Wine Ratings

Wine ratings are a controversial subject, but we believe that ratings are necessary. How else is a novice going to have a clue as to where to start in identifying a good wine to buy? Or how would even an experienced wine lover find the time or money to taste all of the possibilities in a given varietal without using someone else’s ratings as a point of reference?

So the real question is not whether or not to use wine ratings but rather which rating/review system to use and/or follow? Today, the 100-point scale popularized by Robert Parker and used by other leading services such as the Wine Spectator, Steve Tanzer’s IWC, and the Wine Enthusiast dominates the market. There are also reviewers who use 20-point scales, 10-point scales, 5-point scales, 3-glasses, and a myriad of other systems.

While any or all of these systems can be valuable to you if your palate and the palate of the reviewer are somewhat comparable, we believe that they all have one shortcoming: none of them say anything about value in a typical review. For example, if two wines are rated 91 points but one costs $85 and the other $25, it should be obvious that the $25 bottle represents more for your money.

The Wine Peeps’ emphasis is on getting the most bang out of our hard-earned wine budget dollars, so we have developed two measures for rating the wines that we review. The first is QUALITY, which we measure on a five-star scale.

5 stars (out of 5): Wow!
4.5 stars (out of 5): Outstanding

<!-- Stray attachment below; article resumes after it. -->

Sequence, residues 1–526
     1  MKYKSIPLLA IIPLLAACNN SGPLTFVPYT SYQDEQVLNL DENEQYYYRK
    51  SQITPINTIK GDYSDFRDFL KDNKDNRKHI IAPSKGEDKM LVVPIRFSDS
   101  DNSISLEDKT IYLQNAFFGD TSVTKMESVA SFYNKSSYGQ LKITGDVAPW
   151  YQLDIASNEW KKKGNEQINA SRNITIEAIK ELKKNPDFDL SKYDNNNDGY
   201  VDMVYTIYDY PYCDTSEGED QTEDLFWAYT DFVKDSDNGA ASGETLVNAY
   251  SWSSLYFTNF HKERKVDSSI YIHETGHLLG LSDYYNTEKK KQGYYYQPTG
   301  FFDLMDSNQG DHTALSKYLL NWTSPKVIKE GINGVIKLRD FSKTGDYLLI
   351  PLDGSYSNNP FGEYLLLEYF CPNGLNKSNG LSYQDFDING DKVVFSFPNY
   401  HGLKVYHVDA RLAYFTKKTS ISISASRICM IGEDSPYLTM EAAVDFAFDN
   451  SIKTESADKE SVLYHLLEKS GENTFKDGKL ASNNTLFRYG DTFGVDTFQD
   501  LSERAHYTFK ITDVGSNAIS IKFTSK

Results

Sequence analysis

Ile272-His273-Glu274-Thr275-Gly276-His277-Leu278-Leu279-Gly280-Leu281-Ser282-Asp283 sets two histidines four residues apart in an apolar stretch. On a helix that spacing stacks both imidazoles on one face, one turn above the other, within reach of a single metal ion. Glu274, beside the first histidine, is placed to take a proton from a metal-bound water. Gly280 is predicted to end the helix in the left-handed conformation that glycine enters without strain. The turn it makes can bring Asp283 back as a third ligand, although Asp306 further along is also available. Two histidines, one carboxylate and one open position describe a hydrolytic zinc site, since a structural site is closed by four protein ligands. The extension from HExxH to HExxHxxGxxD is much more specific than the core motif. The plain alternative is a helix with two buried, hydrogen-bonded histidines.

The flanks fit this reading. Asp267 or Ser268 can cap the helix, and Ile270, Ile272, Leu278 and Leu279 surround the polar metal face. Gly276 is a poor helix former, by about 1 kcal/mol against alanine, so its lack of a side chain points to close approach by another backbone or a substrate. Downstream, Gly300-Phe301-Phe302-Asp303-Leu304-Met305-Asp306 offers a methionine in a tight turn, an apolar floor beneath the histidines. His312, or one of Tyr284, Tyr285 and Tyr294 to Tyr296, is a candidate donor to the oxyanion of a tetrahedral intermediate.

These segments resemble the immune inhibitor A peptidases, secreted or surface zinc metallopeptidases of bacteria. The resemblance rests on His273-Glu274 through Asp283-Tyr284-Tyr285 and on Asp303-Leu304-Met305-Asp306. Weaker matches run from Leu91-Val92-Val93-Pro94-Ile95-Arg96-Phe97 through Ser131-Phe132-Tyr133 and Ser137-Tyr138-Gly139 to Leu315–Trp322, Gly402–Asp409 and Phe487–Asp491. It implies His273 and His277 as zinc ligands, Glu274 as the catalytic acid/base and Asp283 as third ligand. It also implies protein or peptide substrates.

4 stars (out of 5): Excellent
3.5 stars (out of 5): Very Good
3 stars (out of 5): Good
2 stars (out of 5): Mediocre
1 star (out of 5): Ugh

Our second rating for a wine is found using the quality-to-price ratio, or QPR, for the wine. Please keep in mind that the “most bang for your buck” does not always mean the lowest price. It means that the wine has a great price compared to wines of similar quality within the same varietal/type. Mathematically, the QPR is found by dividing the average price of the wine by the average price of its peers (all wines of the same varietal/type with the same quality rating in our database). Then we rate the wine’s QPR on a five-bangs scale, five being a wine that gives you the most bang for your buck. If a wine does not merit at least three stars in our QUALITY rating, we will not recommend it. Therefore, one and two star wines will have a QPR = NR. We cannot recommend that you purchase a wine, no matter how low the price, if it is not of at least good quality.

5 bangs for your buck (out of 5): Price < 50% of average of its peers
4 bangs for your buck (out of 5): Price = 50% to 74% of average of its peers
3 bangs for your buck (out of 5): Price = 75% to 99% of average of its peers
2 bangs for your buck (out of 5): Price = 100% to 125% of average of its peers
1 bang for your buck (out of 5): Price > 125% of average of its peers
NR: Not Recommended

We define Super Bargain wines as wines of excellent quality (4-star quality or higher) by our ratings with a price less than or equal to one-half of the average price of wines of the same varietal/type and the same quality level (5 bangs-for-your-buck).

By giving you both a QUALITY rating and a QPR rating, you can decide for yourself how important price and getting a good deal is to you.